Northward range expansion of A. americanum is expected with climate change on the assumption that cold temperature conditions are the main limiting factor at present. Projected range expansion was not quite as dramatic as that projected for I. scapularis (Ogden et al. 2006). Day length affects host-seeking activity of A. americanum (Haile and Mount 1987), but not that of I. scapularis (Durden et al. 1996), and it remains to be investigated to what extent this aspect may result in differences of range expansion between these species. The predicted range expansion in the United States may have limited public health impact as in general regions of high population density are within the current geographic range of the region of temperature suitability (see https://www.census.gov/history/www/reference/maps/ vs. Figure 4). However, possible range expansion into parts of Canada close to the U.S. border was predicted from Alberta eastward into Newfoundland, that encompass some of the most highly populated parts of this country (https://www150.statcan.gc.ca/n1/pub/91-214-x/2015000/section04-eng.htm#a1). The projected range expansions in the ecological niche model studies of Springer et al. (2015) and Raghavan et al. (2019), were more modest than those here. In the current study, only temperature was considered, although the ecological niche models considered other climatic variables, and indeed these variables may limit range expansion of the tick. However, both models of Springer et al. (2015) and Raghavan et al. (2019) consider the whole range of the tick (rather than focusing on the northern limit) and rather under-estimate environmental suitability in northern states in comparison with the observational data in Springer et al. (2014). The simulation model in our study uses experimental data on temperature effects on tick development rates and activity (and other aspects of the tick life cycle), so the temperature limits identified by the model are “real” inasmuch as those experimental data are representative of A. americanum across its geographic range. If they are representative, the lower temperature limit obtained should be a more accurate than that obtained from ecological niche models for a number of reasons. The ecological niche models of A. americanum use surveillance data that has not been systematically collected and use “presence” data based on passive surveillance, which may be falsely positive due to the presence of adventitious ticks. In addition, the niche models consider a wide range of climatic variables, including temperature, that are assumed to limit the species range, but the assumptions are rarely supported by empirical evidence. For example, Peterson and Raghavan (2017) used the minimum temperature of the coldest month as one bioclimatic variable in an ecological niche model for I. scapularis. Empirical data (Brunner et al. 2012) suggest this variable is unlikely to be limiting for I. scapularis, so its inclusion is likely because it correlates with other environmental variables. However, only greater field surveillance data can determine which method is most accurate at identifying the northern range of the tick.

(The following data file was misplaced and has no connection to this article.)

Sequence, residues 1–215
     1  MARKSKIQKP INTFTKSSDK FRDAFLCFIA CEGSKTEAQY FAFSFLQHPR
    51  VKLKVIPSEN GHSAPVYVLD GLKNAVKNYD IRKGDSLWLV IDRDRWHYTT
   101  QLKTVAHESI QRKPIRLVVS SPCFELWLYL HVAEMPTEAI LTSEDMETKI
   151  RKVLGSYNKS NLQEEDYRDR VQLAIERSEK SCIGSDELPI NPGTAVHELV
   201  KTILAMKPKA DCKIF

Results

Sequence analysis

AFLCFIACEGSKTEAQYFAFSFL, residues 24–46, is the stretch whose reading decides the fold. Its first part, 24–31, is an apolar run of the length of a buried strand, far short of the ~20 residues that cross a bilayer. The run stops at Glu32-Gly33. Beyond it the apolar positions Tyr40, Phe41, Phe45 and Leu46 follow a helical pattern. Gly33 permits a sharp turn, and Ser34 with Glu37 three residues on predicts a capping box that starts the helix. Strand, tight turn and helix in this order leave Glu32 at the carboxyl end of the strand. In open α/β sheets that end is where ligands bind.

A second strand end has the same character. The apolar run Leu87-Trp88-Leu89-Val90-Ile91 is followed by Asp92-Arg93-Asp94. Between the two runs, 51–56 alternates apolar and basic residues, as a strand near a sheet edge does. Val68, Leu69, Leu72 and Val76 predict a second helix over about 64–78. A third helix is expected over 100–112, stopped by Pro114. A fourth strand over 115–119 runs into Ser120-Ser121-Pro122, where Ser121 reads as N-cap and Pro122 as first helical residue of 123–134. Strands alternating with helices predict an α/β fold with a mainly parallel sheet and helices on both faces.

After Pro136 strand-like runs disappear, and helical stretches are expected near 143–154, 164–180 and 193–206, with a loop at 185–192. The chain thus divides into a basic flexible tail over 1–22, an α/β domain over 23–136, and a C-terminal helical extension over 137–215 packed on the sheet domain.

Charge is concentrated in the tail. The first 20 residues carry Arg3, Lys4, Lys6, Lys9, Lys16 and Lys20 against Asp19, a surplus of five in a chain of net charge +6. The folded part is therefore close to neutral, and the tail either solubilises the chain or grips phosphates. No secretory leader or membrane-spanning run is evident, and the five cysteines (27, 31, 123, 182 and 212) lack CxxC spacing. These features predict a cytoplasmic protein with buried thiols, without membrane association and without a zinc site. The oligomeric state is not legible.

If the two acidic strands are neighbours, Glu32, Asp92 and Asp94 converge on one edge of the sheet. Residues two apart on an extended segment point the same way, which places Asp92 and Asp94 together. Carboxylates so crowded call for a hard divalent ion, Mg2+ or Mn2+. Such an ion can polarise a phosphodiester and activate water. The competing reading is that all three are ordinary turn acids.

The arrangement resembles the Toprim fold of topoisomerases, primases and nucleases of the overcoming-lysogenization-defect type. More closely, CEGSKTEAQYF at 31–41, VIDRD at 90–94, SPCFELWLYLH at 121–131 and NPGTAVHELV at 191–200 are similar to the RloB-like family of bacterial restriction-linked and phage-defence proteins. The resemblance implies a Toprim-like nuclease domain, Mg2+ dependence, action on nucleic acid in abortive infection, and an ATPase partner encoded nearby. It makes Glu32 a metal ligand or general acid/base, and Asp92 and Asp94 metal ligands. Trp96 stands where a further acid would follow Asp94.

As anticipated, there was only a slight difference between projections made using the RCP4.5 and RCP8.5 emissions pathways up to the 2060s, but thereafter, projected range expansion was much greater under RCP8.5. All climate models projected future temperatures that would permit northward range expansion, but there was marked variation among the models in the degree of projected warming, particularly in the last decades of the 21st century and when the models used RCP8.5.